Tagged Questions

Etymology is the history of the origin of words and phrases.

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24
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13answers
3k views

Is there any “swearword” in English not associated with excrements, the genitals, sexual activity or religion?

SWEARWORD - A popular term for a word or phrase that is obscene, abusive, and socially offensive. For some reason, all of them seem to be associated with excrements, sex and religion. This ...
3
votes
3answers
128 views

What is the origin of “have a gander”? (When meaning “look”.)

The phrase "have a gander" meaning "have a look" is common in the UK. (Also can be "have a goosey gander" or just "have a goosey".) What is the origin/meaning of this phrase? I always assumed that it ...
-1
votes
1answer
57 views

When did “sale” become “sales event”?

It seems like during this generation somebody decided that a "sale" wasn't adequate to describe the selling of discounted goods. Can anyone shed light on the emergence of the "sales event," which ...
1
vote
1answer
88 views

How did the meaning of “come off” as “succeed” or “take place” originate?

Example sentences: A television series that never came off (from the Merriam-Webster Dictionary) He tried his Chaplin impression, but it didn't really come off. (from Wiktionary) The match ...
5
votes
3answers
148 views

What is the origin and sense of the phrase “put up or shut up”?

In researching the recent EL&U question Origins and Interpretations of "Put your money where your mouth is", I repeatedly came across the seemingly related but older phrase “put up or ...
1
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3answers
227 views

Origins and meaning of “Put your money where your mouth is”

I heard this phrase uttered by a Canadian (from Vancouver) once; it left me in awe and elicited my curiosity. Wikipedia was not helpful. What is its origin? Is this expression used more in certain ...
17
votes
5answers
2k views

Italian vs Italic

Although English is not my mothertongue, I am pretty sure the adjective for the modern country Italy is Italian as in Italian restaurant or Italian cars. I have just used the italic font for emphasis ...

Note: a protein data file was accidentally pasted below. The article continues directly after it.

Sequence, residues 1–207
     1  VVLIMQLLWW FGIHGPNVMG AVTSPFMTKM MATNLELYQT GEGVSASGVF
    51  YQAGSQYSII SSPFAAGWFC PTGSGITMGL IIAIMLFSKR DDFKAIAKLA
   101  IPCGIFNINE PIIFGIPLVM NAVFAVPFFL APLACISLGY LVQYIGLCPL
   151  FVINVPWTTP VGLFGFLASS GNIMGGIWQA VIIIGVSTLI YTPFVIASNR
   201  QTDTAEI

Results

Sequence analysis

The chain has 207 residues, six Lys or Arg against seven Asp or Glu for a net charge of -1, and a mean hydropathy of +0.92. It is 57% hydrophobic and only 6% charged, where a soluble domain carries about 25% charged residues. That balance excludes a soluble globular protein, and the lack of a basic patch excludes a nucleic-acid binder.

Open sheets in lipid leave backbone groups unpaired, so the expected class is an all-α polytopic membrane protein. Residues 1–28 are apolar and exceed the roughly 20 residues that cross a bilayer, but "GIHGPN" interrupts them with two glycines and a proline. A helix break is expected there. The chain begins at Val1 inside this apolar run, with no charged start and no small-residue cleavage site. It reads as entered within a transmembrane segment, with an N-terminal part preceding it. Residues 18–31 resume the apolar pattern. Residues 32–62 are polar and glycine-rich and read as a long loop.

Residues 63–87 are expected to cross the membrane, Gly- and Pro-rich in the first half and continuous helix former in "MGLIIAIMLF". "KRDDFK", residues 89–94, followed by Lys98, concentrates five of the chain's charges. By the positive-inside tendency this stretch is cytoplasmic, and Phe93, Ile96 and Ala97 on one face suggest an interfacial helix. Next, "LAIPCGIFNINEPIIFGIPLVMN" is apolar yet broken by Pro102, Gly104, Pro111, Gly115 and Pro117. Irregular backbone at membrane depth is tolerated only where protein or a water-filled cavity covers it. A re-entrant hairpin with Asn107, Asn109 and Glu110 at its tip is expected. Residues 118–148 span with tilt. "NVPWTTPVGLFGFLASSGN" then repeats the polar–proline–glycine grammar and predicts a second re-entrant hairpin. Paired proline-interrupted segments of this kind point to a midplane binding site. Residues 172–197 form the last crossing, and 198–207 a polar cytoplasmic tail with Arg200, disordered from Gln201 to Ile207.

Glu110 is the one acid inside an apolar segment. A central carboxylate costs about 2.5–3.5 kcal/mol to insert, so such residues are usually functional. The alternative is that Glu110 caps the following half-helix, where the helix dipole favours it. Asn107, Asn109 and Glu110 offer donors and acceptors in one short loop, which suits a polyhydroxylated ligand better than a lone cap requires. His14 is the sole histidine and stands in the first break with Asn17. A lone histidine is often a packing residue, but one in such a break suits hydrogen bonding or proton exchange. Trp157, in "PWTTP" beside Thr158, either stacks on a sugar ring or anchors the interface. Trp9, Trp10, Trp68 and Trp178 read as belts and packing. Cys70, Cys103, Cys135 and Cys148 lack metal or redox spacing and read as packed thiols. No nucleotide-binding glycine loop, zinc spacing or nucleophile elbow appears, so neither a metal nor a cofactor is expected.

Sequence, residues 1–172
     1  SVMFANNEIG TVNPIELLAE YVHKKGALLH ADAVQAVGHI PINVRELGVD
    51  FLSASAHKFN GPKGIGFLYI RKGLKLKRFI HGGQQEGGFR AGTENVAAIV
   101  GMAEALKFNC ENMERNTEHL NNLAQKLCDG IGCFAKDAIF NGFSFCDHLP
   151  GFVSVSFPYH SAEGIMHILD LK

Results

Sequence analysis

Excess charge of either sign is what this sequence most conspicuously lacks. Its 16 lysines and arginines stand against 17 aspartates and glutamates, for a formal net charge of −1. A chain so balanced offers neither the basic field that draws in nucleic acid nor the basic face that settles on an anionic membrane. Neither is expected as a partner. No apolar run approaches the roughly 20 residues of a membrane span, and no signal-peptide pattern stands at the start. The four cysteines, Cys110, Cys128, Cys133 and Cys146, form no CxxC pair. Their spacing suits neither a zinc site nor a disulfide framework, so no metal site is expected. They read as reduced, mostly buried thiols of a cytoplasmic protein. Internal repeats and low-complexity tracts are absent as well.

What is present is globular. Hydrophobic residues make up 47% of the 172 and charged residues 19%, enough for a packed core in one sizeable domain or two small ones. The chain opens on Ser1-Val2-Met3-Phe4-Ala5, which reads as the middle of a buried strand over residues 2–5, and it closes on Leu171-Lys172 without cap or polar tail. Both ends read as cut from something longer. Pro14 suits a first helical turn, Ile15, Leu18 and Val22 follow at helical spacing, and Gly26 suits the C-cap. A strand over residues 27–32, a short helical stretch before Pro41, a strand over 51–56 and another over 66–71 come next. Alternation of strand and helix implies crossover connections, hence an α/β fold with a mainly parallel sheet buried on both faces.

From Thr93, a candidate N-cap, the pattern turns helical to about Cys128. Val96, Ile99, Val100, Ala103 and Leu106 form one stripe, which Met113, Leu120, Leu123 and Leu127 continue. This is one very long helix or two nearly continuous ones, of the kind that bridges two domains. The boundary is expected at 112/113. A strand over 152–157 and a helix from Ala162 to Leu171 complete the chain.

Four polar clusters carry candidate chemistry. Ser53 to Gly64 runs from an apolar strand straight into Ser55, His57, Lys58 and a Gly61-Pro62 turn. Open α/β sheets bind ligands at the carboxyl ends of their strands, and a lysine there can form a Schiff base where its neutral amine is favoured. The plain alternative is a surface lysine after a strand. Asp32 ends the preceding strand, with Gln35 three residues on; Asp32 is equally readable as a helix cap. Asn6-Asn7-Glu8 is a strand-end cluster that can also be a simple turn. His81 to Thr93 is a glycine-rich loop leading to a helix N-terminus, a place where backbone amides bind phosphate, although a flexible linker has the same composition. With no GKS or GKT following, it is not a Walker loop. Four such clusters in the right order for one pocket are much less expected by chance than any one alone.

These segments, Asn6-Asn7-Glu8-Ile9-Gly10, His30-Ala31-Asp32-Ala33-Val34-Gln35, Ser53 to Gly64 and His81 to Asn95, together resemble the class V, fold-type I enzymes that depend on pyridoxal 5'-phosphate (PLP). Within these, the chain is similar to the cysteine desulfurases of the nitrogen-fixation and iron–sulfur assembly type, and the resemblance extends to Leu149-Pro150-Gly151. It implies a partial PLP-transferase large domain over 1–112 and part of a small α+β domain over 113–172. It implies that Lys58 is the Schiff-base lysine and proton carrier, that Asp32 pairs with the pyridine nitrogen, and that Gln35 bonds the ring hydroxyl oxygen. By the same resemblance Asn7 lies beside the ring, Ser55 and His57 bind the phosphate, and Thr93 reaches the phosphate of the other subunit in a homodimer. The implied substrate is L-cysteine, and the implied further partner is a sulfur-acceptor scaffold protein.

-2
votes
2answers
86 views

How did 'inure' evolve into these two disparate meanings?

What's an intuitive derivation behind ODO's definition 1 with object that helps to remember its meaning: 1. inure = (usually be inured to) Accustom (someone) to something, especially something ...
1
vote
1answer
57 views

Which language do most polysyllabic words in the english language come from?

I am doing an english project and can't find any information on this topic. Help is much appreciated!! thanks
4
votes
2answers
115 views

How/why was the word “organic” chosen to represent natural foods or foods without chemicals?

I've always understood an object or item to be organic when carbon is a component of its composition, as noted in the difference between organic and inorganic chemistry. Now I see organic foods, and ...
-3
votes
1answer
165 views

Where did the slang word “basic” come from?

How did the word basic come to be used as slang for "the majority" or "the conformed." Where was it's first usage as such a word? Is it a new internet frenzy or has this word been used as slang ...
1
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2answers
117 views

Origin of phrase “pulling for you”

When somebody is going through a difficult life situation, people will commonly say, "We're pulling for you." Where did this term come from? It sounds rather strange!
2
votes
3answers
57 views

'Communication" as a verb

I've seen the word 'communication' as a verb. Going by the provenance of the document, I'm reasonably sure that the author meant to use it in this context and that it wasn't a typo. E.g.: How ...
2
votes
1answer
379 views

What is the origin of the phrase “wind your neck in!”?

I was wondering if anyone could shed some light on the origin of the phrase in title.
0
votes
1answer
57 views

What's the etymology for the term “greensheet”?

I've been looking for the etymology of the word "Greensheet", specifically when used in the context of academia. I know it's just another way to say "syllabus", but where did the "green" in ...
2
votes
1answer
107 views

What is the origin of the phrase “the eleventh hour”

Someone happened to use the phrase "the 59th minute of the eleventh hour" just now on IRC (#lisp on Freenode). I remarked that that should be "the twelfth hour". This then started me wondering where ...
16
votes
2answers
1k views

When did people start “boinking”?